The reaction was immediate and largely positive, she says. Hundreds of messages came to her office, hordes of reporters. Her relationship with her father healed as well. He coached her for her interviews to land the Human Rights Campaign job.
But the welcome wasn't universal. When Jacques announced in 2001 that Chrisler was expecting twins, a state representative named Scott Brown told the Globe, "It's just not normal, in terms of what's normal in today's society."
Earlier this month was the special election to fill her seat. Brown, running against gay marriage, narrowly defeated her chief of staff, who supported gay marriage.
The other side of the debate is just as energized.
While Jacques's volunteers take to the Hill, the Washington-based Family Research Council dispatches teams to Massachusetts for the state's constitutional convention. And next week, the council is hosting 500 supporters for a three-day "Washington briefing."
In a telephone interview from Boston, Tony Perkins, president of the council, rejects the contention that this is a civil rights question, because he does not accept that homosexuality is "an immutable characteristic," like race. "We're talking about a behavior here," he says. "Where do you draw the line? Are not first cousins discriminated against? Would a polygamist not be discriminated against, if they were all consenting adults?"
Also active is the Colorado Springs-based Focus on the Family. "The Constitution is going to be changed one way or another," says Glenn Stanton, senior analyst for marriage. "A small handful of radical activist judges are going to find in the Constitution a radical new definition of marriage, or the American people are going to protect marriage through the democratic amendment process established by the Founding Fathers."
In her small office, Jacques frames the stakes differently.
"We are literally writing the next chapter in civil rights," she says. In American history "there is a common theme that some people want to oppress others because of their differences" -- skin color, religion, national origin -- "now it's because of who they love. What's important to me is we've been there before as a country and we've always done what's right."
The fact that politicians such as Democratic presidential contender John Kerry consider recognizing marriage-like rights -- if not same-sex marriage -- safe political ground tells Jacques that ultimately her side will prevail. Only a few years ago recognizing those rights was considered radical. President Bush, meanwhile, called a news conference to announce his support for the federal amendment.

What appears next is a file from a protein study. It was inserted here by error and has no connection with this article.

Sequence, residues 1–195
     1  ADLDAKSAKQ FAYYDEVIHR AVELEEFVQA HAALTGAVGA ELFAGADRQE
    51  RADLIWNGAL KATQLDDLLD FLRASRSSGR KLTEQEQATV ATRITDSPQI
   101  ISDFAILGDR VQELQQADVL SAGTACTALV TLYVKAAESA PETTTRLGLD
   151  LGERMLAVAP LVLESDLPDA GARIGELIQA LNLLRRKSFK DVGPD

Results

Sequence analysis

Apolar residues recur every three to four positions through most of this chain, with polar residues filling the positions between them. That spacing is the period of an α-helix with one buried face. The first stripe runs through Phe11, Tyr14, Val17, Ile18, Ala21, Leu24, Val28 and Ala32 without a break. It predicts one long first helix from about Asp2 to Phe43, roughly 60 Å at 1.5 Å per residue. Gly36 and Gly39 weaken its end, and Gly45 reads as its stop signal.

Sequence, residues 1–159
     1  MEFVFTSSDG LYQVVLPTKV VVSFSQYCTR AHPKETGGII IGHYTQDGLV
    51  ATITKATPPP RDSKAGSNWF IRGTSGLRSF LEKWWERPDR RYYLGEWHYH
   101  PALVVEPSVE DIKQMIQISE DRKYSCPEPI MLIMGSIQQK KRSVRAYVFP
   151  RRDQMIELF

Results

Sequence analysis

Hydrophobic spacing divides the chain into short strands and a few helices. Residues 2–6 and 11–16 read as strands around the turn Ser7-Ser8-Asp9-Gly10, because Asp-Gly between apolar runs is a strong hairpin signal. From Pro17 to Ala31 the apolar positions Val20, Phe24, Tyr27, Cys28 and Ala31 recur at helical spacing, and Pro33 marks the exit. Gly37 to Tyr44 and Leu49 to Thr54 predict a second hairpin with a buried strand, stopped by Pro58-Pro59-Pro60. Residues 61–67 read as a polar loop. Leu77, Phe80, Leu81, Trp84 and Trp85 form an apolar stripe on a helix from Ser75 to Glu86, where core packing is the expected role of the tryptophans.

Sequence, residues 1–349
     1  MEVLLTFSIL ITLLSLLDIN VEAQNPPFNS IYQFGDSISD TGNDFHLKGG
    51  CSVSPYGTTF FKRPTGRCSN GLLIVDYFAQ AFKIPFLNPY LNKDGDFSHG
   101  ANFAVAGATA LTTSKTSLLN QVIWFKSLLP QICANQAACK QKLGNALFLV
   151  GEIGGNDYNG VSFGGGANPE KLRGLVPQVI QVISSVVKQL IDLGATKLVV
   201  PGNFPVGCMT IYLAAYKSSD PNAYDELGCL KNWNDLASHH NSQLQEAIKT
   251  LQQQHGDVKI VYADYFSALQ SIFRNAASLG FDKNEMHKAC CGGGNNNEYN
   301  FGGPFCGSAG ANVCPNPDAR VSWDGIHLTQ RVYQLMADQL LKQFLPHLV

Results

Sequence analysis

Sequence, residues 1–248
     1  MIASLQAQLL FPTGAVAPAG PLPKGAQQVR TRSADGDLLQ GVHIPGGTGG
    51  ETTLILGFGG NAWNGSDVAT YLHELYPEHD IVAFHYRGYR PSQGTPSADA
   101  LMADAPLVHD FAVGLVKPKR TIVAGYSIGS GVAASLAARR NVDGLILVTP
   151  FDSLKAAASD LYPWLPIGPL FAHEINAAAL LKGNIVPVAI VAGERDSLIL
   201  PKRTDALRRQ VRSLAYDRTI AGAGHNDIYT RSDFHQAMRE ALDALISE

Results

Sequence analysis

"I'll take someone who is not perfect but is willing to listen and learn," she says. "Frankly, I see that in John Kerry."
Jacques and her political director, Winnie Stachelberg, share a cab to the Hill.
They will meet with Rep. Mark Kirk, a moderate Republican from Illinois. He has been an ally on hate-crimes legislation and employment discrimination, but he has not stated a position on the amendment.
In the Longworth House Office Building, they see their volunteers making their rounds. Two North Carolina women report to Jacques on their meeting with a member of Sen. Elizabeth Dole's staff. "He was controlled-hostile," says one of the women.
But others say they have received more positive receptions.
Jacques and Stachelberg connect with a crew from Illinois and head to an ornate public room in the Capitol.
Kirk breezes in.
"We are very, very worried about this constitutional amendment that is being proposed," Jacques begins. " . . . This is probably one of the most important, historic votes" Kirk will ever cast.
But Kirk thinks the activists are unnecessarily concerned. "We're not going to vote on this, this year," he says confidently.
Jacques and her group are not so sure -- they've heard different reports.
"I've stopped being concerned about this, this is so dead," Kirk says, though he declines to say how he'd vote if the amendment came to the floor. His constituents, he says, just "want the status quo."
The meeting lasts 20 cordial minutes. At the end, Jacques gets out a snapshot of herself, Chrisler, Timmy and Tommy.
She tells Kirk about her family, how her partner's health care coverage is taxed, unlike a spouse's, how she worries if she should die about the extra tax on her house going to Chrisler, about the various extra charges that take away from their boys' education fund.
"When we talk about the status quo, we're talking about some little boys not having the same rights as other folks have," she says. "It's not just me and my partner, it's not just gay people, it's two little boys."
Kirk listens politely but says little.
In the cab back to her office, Jacques says, "I wanted him to know the impact the status quo has on real families. . . . I think that gets lost in all the politics."